Quentin Tarantino’s response to the sexual abuse allegations against his long-time friend, Harvey Weinstein, is nowhere near good enough, writes Constanze Wilson
Constanze Wilson is an intersectional feminist based in Cambridge. As someone with chronic health issues her particular interests include health as a social issue, especially the relationship between systems of oppression, physical/mental health and the stigmatisation of certain health problems
Following the recent stream of sexual abuse allegations against Harvey Weinstein, the producer of many Tarantino films, Quentin Tarantino relayed this message through actress Amber Tamblyn:
From Quentin Tarantino: pic.twitter.com/jv0VQNrI91
— Amber Tamblyn (@ambertamblyn) October 13, 2017
On reading this, I was incensed by the fact that Tarantino hadn’t automatically condemned what had been revealed as a decade-long affair involving more than 40 women. It also seemed problematic that his statement centralised his personal hurt over the issue itself.
I reminded myself that we didn’t yet know Tarantino’s position: part of me excused his statement on the premise that the idea of a close friend being a serial abuser must be highly distressing. But it turns out that this was not, in fact, new information to Tarantino.
In an hour long-interview with The New York Times, comments from which were published about a week after his by-proxy statement, he admitted to having been aware of Weinstein’s actions for decades. I expected the interview to serve as an public condemnation of Weinstein and an apology for Tarantino’s own lack of action, yet this didn’t happen. Rather than presenting himself as committed to improving the safety of women in Hollywood, he reveals the existence of a mindset underscored by the sexism he seeks to distance himself from.
From The New York Times’ article:
“I knew enough to do more than I did,” he said, citing several episodes involving prominent actresses. “There was more to it than just the normal rumors, the normal gossip. It wasn’t secondhand. I knew he did a couple of these things.”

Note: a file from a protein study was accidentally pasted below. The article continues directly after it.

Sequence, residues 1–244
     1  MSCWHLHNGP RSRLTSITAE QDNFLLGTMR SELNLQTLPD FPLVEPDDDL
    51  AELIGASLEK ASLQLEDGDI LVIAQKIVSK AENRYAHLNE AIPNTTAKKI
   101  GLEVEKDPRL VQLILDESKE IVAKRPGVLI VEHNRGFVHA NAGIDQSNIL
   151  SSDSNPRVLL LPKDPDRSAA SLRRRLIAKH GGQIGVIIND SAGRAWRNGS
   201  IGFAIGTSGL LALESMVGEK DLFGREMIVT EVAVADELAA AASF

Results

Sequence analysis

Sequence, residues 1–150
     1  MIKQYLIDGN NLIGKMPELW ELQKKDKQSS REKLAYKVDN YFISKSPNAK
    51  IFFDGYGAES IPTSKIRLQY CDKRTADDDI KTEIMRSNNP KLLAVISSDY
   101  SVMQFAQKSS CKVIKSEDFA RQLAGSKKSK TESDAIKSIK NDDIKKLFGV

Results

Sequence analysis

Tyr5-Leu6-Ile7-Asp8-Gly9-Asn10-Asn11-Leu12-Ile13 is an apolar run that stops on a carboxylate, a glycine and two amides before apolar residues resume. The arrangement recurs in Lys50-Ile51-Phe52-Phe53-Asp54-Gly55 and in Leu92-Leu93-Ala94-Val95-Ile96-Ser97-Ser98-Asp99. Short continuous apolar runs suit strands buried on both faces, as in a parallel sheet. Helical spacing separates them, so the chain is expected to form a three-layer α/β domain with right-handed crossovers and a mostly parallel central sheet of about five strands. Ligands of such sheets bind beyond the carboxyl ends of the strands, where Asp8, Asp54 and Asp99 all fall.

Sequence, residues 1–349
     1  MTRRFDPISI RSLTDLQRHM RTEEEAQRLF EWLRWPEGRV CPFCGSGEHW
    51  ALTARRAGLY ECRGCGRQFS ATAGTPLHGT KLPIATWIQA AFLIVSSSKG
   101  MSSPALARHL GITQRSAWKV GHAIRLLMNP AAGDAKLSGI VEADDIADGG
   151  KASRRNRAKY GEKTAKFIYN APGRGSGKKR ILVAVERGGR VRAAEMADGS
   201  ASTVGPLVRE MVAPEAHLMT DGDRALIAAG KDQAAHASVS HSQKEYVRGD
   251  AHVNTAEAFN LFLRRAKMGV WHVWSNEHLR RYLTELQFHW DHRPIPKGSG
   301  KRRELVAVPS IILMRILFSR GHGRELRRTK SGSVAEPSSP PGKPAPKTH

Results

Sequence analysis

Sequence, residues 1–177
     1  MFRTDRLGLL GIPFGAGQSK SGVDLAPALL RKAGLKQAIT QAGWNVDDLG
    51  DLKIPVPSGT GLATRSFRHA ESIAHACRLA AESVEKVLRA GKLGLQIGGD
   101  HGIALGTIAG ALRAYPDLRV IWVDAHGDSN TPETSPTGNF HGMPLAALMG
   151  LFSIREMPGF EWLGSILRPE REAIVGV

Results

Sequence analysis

The NYT then considers the true extent of this awareness and Tarantino’s willingness to confront it:
But Mr. Tarantino said he had failed to consider whether the women he knew were part of a larger pattern of abuse. Though he continued to hear alarming stories over the years, he proceeded to make film after film with Mr. Weinstein, his greatest champion — a decision he now regrets
I believe that this depiction of Tarantino as the unwilling bystander who failed to connect the dots somewhat obfuscates his complicity, taking away his responsibility for hearing story after story of abuse and refusing to see a pattern.
There were, however, some aspects of Weinstein’s conduct Tarantino was forced to engage with. Tarantino explains that he knew that his then-girlfriend Mira Sorvino had been a victim of Weinstein’s advances; he explains his shock but that he considered the problem “resolved” as he was dating her at the time: “I’m with her, he knows that, he won’t mess with her, he knows that she’s my girlfriend.”
As Sorvino was now “with” Tarantino, any further assault would be directly offensive to him as it would represent another man intruding on his property. He could see nothing wrong with her safety being directly dependent on the protection his power afforded as opposed to it being a function of the right to a safe existence.
Here, women are conceptualised only through their relationships to other men. Tarantino is himself guilty of perpetuating the systemic oppression that enabled and tolerated Weinstein’s actions.
At the end of the interview, Tarantino seems to ask the public to see his films as stand-alone entities, a privilege that has been granted to numerous other major players in Hollywood who have been involved in sexual assault allegations: Roman Polanski is still revered as a genius and Woody Allen’s films continue to attract well-known stars such as Elle Fanning. From the NYT:
Asked how the news about Mr. Weinstein would affect how the public views his own record and body of work, Mr. Tarantino paused. “I don’t know,” he said. “I hope it doesn’t”
If we, as a society, continue to give platforms to such individuals then we send the message that directorial vision can be placed above the bodily autonomy and safety of women.
However, hope may be gleaned from the fact the recent weeks have also been marked by collective social action. We’ve seen a clear backlash, especially in the #metoo campaign and in the vast numbers of individuals now empowered enough to speak out. The impunity granted to these men should not be inviolable. Tarantino and his colleagues would do well to take note.
Featured image from Wikipedia Commons, used under Creative Commons Zero licence.
Image is of Quentin Tarantino. He is looking slightly past the camera and appears to be laughing. He is wearing a green and black hooded sweatshirt